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Author Topic: Dolomite?  (Read 6916 times)
newFLgrower
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Zone 9 East Coast FL


« on: February 14, 2009, 07:58:00 AM »

I am thinking about ordering a couple more EB's just by themselves, without the fertilizer and dolomite. Do all plants need the dolomite or just the tomatoes? Are there any places other than from EB where dolomite can be purchased?

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tag
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Fleming Island, Fl. Zone 8


« Reply #1 on: February 14, 2009, 09:12:06 AM »

With few exceptions (like blueberries) most plants require the dolomite. You can buy dolomite at any garden center. Sometimes it is hard to find but just keep looking. Always buy the powder dolomite not the granuled lawn lime.
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bobk
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West, Central FL - Zone 9b


« Reply #2 on: February 14, 2009, 10:24:05 AM »

Check your local Home Depot for Sunniland 50 Lbs. Dolomite Lime for $4.29.
« Last Edit: February 14, 2009, 06:28:41 PM by bobk » Logged

Sowing outside the box but still in the box.
mjb8743
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Zone 7, South NJ, Garden State


« Reply #3 on: February 14, 2009, 04:00:05 PM »

I am thinking about ordering a couple more EB's just by themselves, without the fertilizer and dolomite. Do all plants need the dolomite or just the tomatoes? Are there any places other than from EB where dolomite can be purchased?

Specifically, dolomite is agricultural, or garden lime that contains both CALCIUM & MAGNESIUM. It can be in pelleted form or powdered/pulverized. Unless you want to spend your days with a blender grinding up the pellets, buy the pulverized. Check the ingredients label, and look for the calcium and magnesium. It might even say dolomitic lime, but not always. Generally, any garden center should have it. Even if it only comes in 50 lb bags, the cost (~$4.00) is so low, get it anyway and have a lifetime supply.

Mickie
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111 EBs and growing... so how come there are never enough boxes??
kathy
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The mountains of PA Zone 5, almost 4.


« Reply #4 on: February 16, 2009, 11:37:54 AM »

I just had a meeting with the Espoma people, their pelletized lime , called garden lime will breeakdown within a few days, no need for the blender!  And I would use dolomite in all boxes used for growing seeded vegetables!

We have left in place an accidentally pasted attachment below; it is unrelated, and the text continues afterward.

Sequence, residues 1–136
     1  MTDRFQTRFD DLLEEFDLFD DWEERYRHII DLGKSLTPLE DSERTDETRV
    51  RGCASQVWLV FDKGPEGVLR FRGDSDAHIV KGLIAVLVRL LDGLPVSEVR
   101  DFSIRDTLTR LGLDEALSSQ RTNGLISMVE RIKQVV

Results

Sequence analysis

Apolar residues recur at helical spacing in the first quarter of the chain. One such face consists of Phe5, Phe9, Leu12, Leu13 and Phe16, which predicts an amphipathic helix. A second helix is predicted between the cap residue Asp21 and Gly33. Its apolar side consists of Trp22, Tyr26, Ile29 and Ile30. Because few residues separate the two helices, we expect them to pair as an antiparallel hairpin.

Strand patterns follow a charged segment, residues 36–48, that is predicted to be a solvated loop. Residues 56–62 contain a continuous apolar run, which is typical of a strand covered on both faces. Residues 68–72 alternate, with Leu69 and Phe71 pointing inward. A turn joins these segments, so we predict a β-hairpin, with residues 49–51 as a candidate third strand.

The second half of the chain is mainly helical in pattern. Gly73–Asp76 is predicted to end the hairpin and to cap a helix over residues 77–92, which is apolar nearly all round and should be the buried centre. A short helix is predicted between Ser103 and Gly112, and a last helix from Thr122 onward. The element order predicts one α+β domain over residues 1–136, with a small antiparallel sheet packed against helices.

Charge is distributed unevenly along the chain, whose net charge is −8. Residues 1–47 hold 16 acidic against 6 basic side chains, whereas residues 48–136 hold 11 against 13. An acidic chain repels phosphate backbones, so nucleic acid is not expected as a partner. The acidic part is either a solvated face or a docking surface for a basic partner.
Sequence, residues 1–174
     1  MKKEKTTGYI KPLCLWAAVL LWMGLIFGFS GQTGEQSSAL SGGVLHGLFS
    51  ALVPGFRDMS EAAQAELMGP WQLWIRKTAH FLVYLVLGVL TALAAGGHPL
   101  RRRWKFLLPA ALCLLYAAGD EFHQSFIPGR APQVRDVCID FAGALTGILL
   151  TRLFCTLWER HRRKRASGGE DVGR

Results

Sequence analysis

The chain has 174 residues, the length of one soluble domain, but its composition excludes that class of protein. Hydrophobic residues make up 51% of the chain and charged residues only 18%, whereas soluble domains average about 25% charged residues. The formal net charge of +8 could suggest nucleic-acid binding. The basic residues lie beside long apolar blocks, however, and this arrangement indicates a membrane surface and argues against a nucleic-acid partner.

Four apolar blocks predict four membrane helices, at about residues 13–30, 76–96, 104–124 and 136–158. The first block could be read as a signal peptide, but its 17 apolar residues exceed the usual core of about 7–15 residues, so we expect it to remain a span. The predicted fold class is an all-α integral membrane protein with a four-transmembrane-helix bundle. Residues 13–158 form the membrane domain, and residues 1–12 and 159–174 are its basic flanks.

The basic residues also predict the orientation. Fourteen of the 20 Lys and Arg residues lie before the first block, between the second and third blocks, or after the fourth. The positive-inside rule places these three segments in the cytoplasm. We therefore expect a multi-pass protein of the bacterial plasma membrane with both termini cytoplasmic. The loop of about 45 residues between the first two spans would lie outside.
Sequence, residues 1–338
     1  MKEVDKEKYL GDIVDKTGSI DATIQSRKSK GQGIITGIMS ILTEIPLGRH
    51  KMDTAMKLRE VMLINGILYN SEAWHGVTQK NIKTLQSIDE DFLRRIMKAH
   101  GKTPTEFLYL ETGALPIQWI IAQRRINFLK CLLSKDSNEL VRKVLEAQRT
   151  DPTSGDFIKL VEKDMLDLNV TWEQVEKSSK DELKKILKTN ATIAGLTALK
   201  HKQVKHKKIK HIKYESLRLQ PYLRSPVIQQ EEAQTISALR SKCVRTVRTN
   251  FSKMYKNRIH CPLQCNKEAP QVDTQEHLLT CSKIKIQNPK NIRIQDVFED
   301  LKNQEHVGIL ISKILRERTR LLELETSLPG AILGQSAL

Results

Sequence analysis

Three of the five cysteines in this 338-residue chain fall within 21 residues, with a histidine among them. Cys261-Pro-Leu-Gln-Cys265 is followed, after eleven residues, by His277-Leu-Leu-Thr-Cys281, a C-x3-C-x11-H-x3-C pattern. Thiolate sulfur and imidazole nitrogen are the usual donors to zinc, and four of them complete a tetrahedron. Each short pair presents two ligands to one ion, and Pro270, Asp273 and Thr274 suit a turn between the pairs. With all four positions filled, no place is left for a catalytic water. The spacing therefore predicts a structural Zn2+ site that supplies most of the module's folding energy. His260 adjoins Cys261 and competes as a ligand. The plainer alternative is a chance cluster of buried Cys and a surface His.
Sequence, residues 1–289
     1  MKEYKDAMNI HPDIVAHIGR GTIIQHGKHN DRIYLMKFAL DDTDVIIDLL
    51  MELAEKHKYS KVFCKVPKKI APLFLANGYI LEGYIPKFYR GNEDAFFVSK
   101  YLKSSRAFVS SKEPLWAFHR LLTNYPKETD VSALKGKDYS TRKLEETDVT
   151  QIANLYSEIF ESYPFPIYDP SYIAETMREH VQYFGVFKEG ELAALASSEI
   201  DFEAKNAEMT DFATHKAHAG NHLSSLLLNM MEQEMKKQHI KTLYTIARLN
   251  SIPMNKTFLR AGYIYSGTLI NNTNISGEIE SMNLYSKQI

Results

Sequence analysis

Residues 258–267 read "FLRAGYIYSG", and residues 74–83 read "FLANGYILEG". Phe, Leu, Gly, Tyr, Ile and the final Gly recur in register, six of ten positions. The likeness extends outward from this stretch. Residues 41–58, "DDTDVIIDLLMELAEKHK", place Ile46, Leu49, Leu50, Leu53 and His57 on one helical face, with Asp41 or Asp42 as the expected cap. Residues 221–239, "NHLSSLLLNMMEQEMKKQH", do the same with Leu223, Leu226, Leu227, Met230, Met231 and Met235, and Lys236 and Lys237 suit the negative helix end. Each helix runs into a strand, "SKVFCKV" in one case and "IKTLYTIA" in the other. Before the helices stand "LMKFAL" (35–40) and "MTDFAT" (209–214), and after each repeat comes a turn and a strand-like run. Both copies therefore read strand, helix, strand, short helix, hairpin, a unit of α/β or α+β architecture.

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kath, gardening is my game,  over 45 years in the business.
bdobs
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SF Bay Area 8b


« Reply #5 on: February 16, 2009, 01:02:12 PM »

Good to hear Kathy.
I LOVE the Espoma products, and I just picked up a couple of bags of the Garden Lime for my boxes.
TomatoTone for my Maters, and Gardentone for my other Veggis.
The way the stuff smells, ITS gotta be good Smiley
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airangel
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Tucson, Arizona USA-----Zone 8/8a


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« Reply #6 on: February 22, 2009, 07:03:56 PM »

On the pelleted lime....other than the Espoma brand, you think all will break down in short time?

My Home Depot doesn't carry the #50 Suniland brand or anything besides a 5lb bag of Organic pelleted Garden Lime, so pickens are slim here. I grabbed it just in case I can't locate anything at Lowes.  I want to add some to my raised 3x3x3 bed before I plant in that as well.
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mjb8743
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Zone 7, South NJ, Garden State


« Reply #7 on: February 23, 2009, 12:20:24 AM »

In general, pelleted lime takes too long to break down to be useful in your EB. The exception is the Espoma. You either need to grind it yourself, or locate some pulverized lime elsewhere. Don't you have any nurseries or hardware/garden supply stores such as Ace Hardware?

Mickie
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111 EBs and growing... so how come there are never enough boxes??
airangel
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Tucson, Arizona USA-----Zone 8/8a